TOP Features Exploring Engakugi, Kita-Kamakura
Exploring Engakugi, Kita-Kamakura

Exploring the Ancient Temples of Japan

Exploring Engakugi, Kita-Kamakura

Exploring Engakugi, Kita-Kamakura

The Buddha of Kegon

Seated statue of Hokan Shaka Nyorai
Wood; figure height 260.0 cm; Kamakura period (1185-1333).
When the Butsuden was opened on December 8, 1282 (Koan 5), the Hokan Shaka Nyorai (then called Vairocana Buddha) was enshrined as the principal image at the same time that a memorial service (Kuyo) was held. Made using the yosegi-zukuri technique (assembly of individual components of hollowed-out wood, rather than carving from a single block), the head of the figure could be easily removed to safety in case of fire. The crown, jeweled necklace, halo, pedestal and cloth draped over the figure were all later additions.

Photographed below:
Butsuden (Main Hall)
Reinforced concrete; central ridge height 18.5 m; Showa period (1926-1989).
Made of reinforced concrete according to a blueprint from the Edo period, with a traditional Zen-style facade.The framed calligraphy above the entrance was a gift of Emperor Go-Kogon (1338-1374) in 1378 and reads “Daikomyohoden” (Treasure House of the Great Shining Light).

Seated statue of Hokan Shaka Nyorai

Adorned with a magnificent crown, a carving of the Buddha Shakyamuni Nyorai sits enshrined on the dais of the spacious Butsuden (Main Hall) in a posture of deep meditation.

Figures of Nyorai usually do not have jewelry or other accessories, and the hair is usually done in tight curls that resemble sea shells. However, the main image at Engaku-ji is graced with a jeweled necklace, and a crown adorns the hair which is pulled back in a high chignon, indicating the attributes of a bodhisattva rather than a Buddha.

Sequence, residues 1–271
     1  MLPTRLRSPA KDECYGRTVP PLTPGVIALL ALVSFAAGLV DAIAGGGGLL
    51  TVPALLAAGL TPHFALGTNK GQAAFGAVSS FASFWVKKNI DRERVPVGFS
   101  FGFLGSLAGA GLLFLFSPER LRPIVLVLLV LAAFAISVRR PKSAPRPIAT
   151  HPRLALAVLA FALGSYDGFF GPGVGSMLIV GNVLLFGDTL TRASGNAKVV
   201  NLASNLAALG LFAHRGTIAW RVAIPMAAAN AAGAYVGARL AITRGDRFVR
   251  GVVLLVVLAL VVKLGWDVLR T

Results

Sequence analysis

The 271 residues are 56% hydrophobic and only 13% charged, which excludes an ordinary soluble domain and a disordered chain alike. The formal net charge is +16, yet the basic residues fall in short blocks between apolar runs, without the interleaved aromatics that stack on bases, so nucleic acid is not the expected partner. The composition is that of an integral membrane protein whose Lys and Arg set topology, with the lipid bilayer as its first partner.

This type of crowned Shaka Nyorai is also called the Buddha of Kegon, which is explained in the Avatamsaka Sutra, the central scripture of Zen Buddhism, as the foundational Vairocana Buddha and Shakyamuni existing together simultaneously as one body. Hokan Shaka Nyorai was handed down from China’s Song Dynasty and has long been the focus of Zen temples in Kamakura, and the principal image at Engaku-ji is the earliest and largest among those figures.

The Butsuden was destroyed by fire in 1563 (Eiroku 6), but the principal image narrowly escaped complete destruction, and the face was saved. The present body was carved in 1625 (Kan-ei 2), and accordingly, the head dates to the Kamakura period, but the body is from the Edo period. The style of carving from Song-dynasty China combines splendor with the austerity of expression appropriate to Zen temples.


Butsuden (Main Hall)

Housing the central image of worship, the Butsuden is sometimes called Daikomyo, the Treasure House of the Great Shining Light, or Fukomyoden, the Hall of the Universal Light. Since its construction in 1282 (Koan 5), it has been rebuilt many times following a number of disasters. The construction dating from the early Edo period collapsed in the Great Kanto Earthquake of 1923 (Taisho 12), and the current structure was rebuilt in 1964 (Showa 39) utilizing reinforced concrete, following a blueprint from 1573 (Genki 4), and is an impressive example of classic Zen architecture.

Buddhist Statuary (Bilingual Guide to Japan) 

A fully illustrated guide to Buddhist statuary in Japan.

Written in both English and Japanese. This unique handbook provides a handy introduction to Butsuzo (Buddhist statues), ranging from types and materials to the meaning of different hairstyles and attire, and even recommended temples. This is a must-read guidebook for anyone planning to visit Japan, and a perfect gift for readers interested in Buddhism.

Reported by Shogakukan Weekly Books, Exploring the Ancient Temples of Japan no.35, Photos by Hiroshi Harada, Translated by Interbooks, Edited by Devon Lois Duncan